Author of A Long, Long Time Ago and Essentially True (Boston: Houghton Mifflin Harcourt, 2009). http://www.amazon.com/Long-Time-Ago-Essentially-True/dp/0547336284  Brigid Pasulka, the descendant of Polish immigrants, lives and works in Chicago. In the early 1990s, Pasulka spent a year in Kraków, Poland, learning the language and exploring Polish history and culture. While in Kraków, she witnessed the economic and social transformations, which Poland went through after the fall of Communism. A Long Long Time Ago and Essentially True is Pasulka's first break-through novel, which brings the readers to the early 1990s Kraków, while at the same time recalling a love story as it unfolds in the small village in the Polish mountains in the times of World War II and the Stalinist period. A Long Long Time Ago is a winner of several national awards, including PEN Hemingway and a National Geographic Traveler Book of the Month.


Julian Stanczak, Somber Glow, 1978, 32x32


2011: John Guzlowski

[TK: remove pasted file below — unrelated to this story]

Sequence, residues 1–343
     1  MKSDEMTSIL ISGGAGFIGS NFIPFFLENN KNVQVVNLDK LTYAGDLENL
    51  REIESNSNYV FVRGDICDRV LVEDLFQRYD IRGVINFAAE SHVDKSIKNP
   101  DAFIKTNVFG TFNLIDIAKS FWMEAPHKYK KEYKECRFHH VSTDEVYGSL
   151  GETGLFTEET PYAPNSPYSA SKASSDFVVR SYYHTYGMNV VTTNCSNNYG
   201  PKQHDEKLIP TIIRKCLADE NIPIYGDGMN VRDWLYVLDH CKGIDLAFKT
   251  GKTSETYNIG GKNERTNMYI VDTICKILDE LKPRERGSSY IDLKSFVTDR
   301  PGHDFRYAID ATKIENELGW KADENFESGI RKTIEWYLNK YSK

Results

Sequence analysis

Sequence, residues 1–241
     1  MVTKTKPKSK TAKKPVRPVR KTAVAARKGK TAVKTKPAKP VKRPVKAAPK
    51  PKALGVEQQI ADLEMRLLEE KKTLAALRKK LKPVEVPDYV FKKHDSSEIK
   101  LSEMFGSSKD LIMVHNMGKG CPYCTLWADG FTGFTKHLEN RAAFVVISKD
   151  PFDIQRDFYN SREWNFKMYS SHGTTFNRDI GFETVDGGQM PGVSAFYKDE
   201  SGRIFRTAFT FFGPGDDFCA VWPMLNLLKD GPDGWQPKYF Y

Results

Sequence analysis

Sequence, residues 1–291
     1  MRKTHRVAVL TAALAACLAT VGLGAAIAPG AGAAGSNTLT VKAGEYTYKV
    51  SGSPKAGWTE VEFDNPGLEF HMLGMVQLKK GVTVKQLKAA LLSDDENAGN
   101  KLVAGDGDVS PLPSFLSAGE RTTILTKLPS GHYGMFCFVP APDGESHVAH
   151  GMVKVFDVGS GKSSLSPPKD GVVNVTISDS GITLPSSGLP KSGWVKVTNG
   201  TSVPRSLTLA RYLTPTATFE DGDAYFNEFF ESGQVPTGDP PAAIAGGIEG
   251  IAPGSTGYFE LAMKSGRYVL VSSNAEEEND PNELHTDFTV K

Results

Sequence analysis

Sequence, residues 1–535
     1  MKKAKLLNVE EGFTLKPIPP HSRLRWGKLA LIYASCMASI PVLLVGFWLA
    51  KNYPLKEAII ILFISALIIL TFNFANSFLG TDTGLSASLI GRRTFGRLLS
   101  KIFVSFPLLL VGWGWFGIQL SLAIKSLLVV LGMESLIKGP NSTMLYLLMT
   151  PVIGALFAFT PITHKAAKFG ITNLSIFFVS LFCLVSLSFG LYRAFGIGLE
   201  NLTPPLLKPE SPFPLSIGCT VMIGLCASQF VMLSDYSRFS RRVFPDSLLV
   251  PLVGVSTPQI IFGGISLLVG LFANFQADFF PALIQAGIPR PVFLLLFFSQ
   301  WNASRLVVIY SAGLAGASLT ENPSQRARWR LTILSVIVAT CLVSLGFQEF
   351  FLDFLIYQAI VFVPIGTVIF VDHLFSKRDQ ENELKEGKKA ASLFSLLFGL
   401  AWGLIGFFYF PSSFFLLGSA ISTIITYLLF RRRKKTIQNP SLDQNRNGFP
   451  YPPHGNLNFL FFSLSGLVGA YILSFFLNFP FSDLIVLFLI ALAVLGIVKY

Professor Emeritus of Literature at Eastern Illinois University, and a noted poet. He has published the well‐received works Lightning and Ashes and Third Winter of War: Buchenwald. His poetry, fiction, and essays have appeared on Garrison Kellior’s Writers Almanac and in The Ontario Review, Chattahoochee Review, Modern Fiction Studies, Nimrod, Margie, Exquisite Corpse and other journals here and in Europe.   His poems about his Polish parents’ experiences in Nazi concentration camps appear in his books Lightning and Ashes and Third Winter of War: Buchenwald.  Third Winter was nominated for the Pulitzer Prize in Poetry. He blogs about his parents and their lives athttp://lightning-and-ashes.blogspot.com/.  His work was also antologized in Chopin with CherriesMeditations on Divine Names, and and The Chopin House. Guzlowski has made major contributions to Polish‐ American culture by promoting the works of other Polish American poets and writers, http://writingpolishdiaspora.blogspot.com. He serves on the PAHA Board of Directors and edits the Poetry Corner for the semi-annual PAHA Newsletter.